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Student Research Opportunities

Chemistry faculty members have a wide variety of research interests and offer multiple research opportunities for students. Learn more about these research projects by contacting the professor.

Professor Anstey: Energy Generation & Storage

Student Positions: 1 Spring, 2 Summer
To use our remaining fossil fuels efficiently as well as to transition gradually to alternative energy sources, we must develop new ways of storing and generating energy at the portable small-scale as well as immense grid-scale levels. Professor Anstey's research program approaches these challenges through the lens of synthetic inorganic chemistry and uses elements of chemistry, engineering, and materials science to achieve its goals. The core concept explored is molecular charge manipulation and redox activity. Students will learn the latest synthetic and analytical techniques used in modern laboratories, with a focus on air-free synthesis, battery assembly, and electrochemical measurements. To learn more about these projects, please contact Professor Mitch Anstey at for an appointment.

Professor Beeston: Raman Spectrometry

Student Positions: 1 Spring
The department recently acquired a handheld Raman spectrometer for use in introductory chemistry labs. Raman spectroscopy offers a powerful technique to distinguish and identify substances, including those of interest to law enforcement and security agencies, forensic scientists, museum scientists, archaeologists, geologists, as well as to synthetic, analytical, and physical chemists. Spectra can be recorded for liquids, solids, surfaces, and solutions and can be compared to reference spectra in a library for rapid identification.

In order to incorporate this instrumentation into courses such as CHE 106, CHE 115, CHE 250 (or advanced chemistry courses), some exploratory work is needed to build a spectral library from known substances and to identify and develop suitable experiments, starting with a demo or short experiment that can be incorporated into Chemistry of Art and Artifacts by the end of spring semester. A student taking on this project would become familiar with the technique of Raman spectrometry and its applications, especially in art and archaeology. Proficiency with Windows computers would be very helpful. The instrument is highly portable (pocket sized) making it useful for on-site applications as well as laboratory investigations. (Prerequisites: CHE 115 and CHE 250.) To learn more about these projects, please contact Professor Ruth Beeston at for an appointment.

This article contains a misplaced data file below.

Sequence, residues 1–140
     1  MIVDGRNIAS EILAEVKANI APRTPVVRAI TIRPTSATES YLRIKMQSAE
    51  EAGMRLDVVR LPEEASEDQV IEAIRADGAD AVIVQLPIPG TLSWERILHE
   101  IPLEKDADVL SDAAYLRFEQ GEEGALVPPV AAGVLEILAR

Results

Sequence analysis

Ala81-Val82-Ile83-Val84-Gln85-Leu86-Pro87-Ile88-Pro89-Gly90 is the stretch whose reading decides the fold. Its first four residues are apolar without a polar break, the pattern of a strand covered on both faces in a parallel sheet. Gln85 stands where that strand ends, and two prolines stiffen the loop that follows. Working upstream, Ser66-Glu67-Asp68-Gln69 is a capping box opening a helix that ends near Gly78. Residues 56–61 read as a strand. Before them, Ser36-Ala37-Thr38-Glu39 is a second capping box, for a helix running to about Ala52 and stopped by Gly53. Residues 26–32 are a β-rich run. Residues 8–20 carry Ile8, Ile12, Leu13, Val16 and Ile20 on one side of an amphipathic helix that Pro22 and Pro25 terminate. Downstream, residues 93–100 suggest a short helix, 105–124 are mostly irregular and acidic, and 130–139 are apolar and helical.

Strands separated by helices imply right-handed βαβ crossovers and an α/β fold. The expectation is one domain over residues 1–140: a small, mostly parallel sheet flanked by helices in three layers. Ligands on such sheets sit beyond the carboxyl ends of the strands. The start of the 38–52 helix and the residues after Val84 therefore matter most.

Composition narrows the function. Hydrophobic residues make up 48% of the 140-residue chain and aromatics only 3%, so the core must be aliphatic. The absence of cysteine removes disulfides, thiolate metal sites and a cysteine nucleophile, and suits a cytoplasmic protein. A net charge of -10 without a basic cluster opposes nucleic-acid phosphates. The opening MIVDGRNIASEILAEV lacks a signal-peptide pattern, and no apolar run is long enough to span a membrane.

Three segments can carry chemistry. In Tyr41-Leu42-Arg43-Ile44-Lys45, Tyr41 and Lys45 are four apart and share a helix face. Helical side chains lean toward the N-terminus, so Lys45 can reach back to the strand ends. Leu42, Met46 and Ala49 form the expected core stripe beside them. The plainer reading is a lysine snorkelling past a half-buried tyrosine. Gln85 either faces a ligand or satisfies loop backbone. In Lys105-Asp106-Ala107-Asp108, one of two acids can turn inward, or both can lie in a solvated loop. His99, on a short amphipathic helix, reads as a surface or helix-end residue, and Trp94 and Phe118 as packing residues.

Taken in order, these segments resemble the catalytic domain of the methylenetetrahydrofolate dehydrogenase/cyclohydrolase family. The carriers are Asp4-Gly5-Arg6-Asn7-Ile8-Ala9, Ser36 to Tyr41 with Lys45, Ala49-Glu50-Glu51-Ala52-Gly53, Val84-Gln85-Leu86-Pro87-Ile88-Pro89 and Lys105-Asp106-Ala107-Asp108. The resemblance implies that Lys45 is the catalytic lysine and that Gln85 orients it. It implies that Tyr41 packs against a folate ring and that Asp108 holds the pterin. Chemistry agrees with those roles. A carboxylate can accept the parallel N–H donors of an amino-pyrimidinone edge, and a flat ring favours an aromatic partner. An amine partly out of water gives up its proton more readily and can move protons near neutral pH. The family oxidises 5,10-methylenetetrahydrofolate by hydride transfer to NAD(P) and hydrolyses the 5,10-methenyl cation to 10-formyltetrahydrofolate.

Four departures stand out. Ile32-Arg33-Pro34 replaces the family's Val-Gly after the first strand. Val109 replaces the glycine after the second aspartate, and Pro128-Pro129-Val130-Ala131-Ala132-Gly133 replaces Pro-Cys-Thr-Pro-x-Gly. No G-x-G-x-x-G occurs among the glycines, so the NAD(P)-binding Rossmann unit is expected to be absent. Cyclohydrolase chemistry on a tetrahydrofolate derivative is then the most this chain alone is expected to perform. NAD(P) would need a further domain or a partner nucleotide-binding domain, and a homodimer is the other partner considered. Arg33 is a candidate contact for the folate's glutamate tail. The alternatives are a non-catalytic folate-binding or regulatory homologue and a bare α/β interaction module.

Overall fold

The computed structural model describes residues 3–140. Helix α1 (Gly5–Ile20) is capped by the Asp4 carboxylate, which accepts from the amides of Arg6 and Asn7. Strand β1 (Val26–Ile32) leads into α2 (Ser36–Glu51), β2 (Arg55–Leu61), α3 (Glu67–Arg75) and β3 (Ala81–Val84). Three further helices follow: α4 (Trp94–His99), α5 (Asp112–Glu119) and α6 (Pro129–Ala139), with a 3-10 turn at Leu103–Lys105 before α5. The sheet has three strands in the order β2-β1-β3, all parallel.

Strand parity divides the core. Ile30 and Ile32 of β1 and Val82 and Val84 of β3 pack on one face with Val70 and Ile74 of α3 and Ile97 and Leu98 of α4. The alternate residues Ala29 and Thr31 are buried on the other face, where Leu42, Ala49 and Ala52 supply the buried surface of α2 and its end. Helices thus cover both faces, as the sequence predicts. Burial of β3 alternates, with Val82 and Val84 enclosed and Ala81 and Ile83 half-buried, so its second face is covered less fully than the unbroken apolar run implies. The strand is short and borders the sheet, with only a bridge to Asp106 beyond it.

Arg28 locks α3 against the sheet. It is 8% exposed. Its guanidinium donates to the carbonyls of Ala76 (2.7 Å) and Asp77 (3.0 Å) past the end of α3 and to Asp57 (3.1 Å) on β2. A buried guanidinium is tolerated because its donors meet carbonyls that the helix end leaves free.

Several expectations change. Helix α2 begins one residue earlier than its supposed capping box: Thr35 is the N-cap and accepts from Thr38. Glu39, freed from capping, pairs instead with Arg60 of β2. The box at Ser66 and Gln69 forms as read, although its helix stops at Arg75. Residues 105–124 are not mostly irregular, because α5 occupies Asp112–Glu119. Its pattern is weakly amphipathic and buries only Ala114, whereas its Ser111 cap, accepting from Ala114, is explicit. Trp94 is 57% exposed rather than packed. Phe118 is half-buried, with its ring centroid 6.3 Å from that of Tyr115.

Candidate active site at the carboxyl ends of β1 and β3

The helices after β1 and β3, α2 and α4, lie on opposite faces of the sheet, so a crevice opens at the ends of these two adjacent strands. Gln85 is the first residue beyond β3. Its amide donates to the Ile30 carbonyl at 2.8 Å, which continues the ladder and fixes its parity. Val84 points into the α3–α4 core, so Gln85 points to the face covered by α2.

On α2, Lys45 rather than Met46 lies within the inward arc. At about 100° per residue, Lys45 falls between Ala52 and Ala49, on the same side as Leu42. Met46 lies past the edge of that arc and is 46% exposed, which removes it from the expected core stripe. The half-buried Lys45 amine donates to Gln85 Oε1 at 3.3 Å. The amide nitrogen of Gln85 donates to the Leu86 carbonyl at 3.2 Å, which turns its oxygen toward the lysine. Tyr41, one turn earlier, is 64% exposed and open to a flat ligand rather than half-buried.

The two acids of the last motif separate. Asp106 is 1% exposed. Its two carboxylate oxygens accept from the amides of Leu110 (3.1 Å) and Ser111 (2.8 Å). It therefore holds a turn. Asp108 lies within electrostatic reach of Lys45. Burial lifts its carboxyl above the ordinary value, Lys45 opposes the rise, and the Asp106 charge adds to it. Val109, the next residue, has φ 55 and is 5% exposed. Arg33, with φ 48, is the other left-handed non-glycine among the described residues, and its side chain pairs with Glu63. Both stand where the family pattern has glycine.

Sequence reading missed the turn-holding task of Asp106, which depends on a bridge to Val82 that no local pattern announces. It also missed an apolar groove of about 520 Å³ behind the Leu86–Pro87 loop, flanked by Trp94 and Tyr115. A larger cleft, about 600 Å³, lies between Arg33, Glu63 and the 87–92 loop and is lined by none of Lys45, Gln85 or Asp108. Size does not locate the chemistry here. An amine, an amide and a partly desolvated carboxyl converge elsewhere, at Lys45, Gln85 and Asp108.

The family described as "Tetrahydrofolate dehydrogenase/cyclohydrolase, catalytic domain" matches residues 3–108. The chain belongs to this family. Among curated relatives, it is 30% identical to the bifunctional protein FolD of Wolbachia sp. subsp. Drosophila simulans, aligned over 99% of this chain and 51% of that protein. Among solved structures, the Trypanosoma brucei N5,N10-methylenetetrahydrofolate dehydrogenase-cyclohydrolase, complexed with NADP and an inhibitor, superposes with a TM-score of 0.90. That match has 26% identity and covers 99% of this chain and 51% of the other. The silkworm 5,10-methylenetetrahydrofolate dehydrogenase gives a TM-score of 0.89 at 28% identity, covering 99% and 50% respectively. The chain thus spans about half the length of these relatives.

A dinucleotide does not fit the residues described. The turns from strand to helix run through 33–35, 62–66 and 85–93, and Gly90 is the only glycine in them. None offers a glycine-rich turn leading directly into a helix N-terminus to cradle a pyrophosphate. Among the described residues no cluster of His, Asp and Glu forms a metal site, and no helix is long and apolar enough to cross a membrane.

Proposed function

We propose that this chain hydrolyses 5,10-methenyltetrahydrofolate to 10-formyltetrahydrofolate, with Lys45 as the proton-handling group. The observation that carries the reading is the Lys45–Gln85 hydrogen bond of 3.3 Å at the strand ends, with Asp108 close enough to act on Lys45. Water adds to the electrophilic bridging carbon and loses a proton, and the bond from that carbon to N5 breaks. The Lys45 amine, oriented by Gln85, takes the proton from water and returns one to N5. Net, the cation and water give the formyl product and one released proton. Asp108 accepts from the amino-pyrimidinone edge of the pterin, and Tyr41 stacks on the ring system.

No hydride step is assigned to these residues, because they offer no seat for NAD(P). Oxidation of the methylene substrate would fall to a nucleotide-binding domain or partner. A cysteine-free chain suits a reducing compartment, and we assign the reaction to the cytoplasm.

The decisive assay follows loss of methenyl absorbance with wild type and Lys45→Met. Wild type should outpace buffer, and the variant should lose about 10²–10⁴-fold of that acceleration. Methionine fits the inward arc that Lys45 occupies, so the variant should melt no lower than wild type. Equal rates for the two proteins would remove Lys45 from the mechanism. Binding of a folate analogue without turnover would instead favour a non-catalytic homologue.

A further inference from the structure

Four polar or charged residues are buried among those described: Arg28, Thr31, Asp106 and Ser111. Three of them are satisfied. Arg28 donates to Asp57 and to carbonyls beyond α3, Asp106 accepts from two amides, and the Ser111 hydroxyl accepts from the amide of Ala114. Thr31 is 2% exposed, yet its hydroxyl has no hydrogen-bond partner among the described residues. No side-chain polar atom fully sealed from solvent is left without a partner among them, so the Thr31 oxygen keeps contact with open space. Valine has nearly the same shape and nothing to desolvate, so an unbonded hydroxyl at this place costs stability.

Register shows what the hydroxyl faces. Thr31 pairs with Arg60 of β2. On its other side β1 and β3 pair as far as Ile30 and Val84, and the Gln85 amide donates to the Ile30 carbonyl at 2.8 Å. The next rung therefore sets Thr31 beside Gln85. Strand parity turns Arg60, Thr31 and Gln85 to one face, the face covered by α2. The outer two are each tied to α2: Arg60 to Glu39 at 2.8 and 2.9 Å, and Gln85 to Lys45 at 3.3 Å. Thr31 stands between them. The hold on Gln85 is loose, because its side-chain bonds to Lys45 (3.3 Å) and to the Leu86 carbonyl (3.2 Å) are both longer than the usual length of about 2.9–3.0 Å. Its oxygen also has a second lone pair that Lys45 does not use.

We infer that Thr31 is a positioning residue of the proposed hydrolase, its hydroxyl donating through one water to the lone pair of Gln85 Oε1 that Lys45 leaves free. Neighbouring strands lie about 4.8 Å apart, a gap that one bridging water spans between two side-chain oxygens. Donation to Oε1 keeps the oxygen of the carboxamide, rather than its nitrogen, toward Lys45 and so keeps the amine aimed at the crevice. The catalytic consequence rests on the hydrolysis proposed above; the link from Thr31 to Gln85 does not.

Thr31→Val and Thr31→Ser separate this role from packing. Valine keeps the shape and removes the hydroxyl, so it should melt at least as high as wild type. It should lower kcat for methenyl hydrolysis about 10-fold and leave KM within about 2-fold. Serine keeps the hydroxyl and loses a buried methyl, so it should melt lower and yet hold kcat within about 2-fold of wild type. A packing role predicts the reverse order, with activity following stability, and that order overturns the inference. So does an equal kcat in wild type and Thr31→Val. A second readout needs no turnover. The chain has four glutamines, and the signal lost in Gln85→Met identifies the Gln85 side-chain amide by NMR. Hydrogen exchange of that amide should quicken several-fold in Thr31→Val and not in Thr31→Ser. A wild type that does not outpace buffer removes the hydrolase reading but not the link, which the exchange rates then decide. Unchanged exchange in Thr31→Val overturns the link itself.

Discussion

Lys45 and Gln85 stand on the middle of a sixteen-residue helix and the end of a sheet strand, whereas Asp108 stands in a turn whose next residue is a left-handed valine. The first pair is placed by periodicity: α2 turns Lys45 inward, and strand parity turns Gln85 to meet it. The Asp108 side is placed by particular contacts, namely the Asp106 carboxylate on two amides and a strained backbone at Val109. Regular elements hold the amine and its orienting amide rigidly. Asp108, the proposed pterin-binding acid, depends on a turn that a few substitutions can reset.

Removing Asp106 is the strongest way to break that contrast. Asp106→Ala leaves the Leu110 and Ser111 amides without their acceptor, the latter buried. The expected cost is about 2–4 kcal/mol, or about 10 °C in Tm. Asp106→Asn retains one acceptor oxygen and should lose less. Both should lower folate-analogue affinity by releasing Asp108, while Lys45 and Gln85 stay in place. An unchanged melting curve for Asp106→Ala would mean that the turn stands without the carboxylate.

Professor Blauch: ESI-QTOF Mass Spectrometer

Student Positions: 1 Summer

This research involves the design, synthesis, and characterization of ruthenium complexes containing non-innocent ligands. In such complexes, it is not possible to assign a well-defined oxidation state to the metal. Prof. Blauch seeks to understand the electron distribution between metal and ligand and the influence of that distribution on the reactivity of the complex. Over the years, a series of complexes containing amine ligands (Figure 1) have been studied. Upon oxidation, several of these complexes  (Ru(dipa)22+, Ru(AQ)32+, and Ru(bpy)2(AQ)2+) undergo irreversible reactions to form products and product mixtures that have not yet been identified. The college has very recently acquired an ESI-QTOF mass spectrometer that is ideally suited for determining the identities of these unusually oxidation products. An important series of experiments will involve progressive oxidation of the starting complex with the appearance of new products being tracked with the ESI-QTOF mass spectrometer.

One possible mechanism for the oxidations of these complexes involves a radical intermediate. Upon oxidation, these amine-ruthenium complexes may behave in manner similar to aniline, which polymerizes through a radical cation intermediate. Using techniques similar to those used for the system of aniline polymerization, it should be possible to quench the radical intermediate using compounds such as 4-methoxystyrene or 2,6-di-tert-butyl-4-methylphenol .

Recent work on this project has examined the behavior of Ru(II) complexes containing ligands binding through a phenolate rather than an amine linkage. As with the amine-ruthenium complexes, the ESI-QTOF mass spectrometer will be used to identify the structures of several important oxidation products. To learn more about these projects, please contact Professor David Blauch at for an appointment.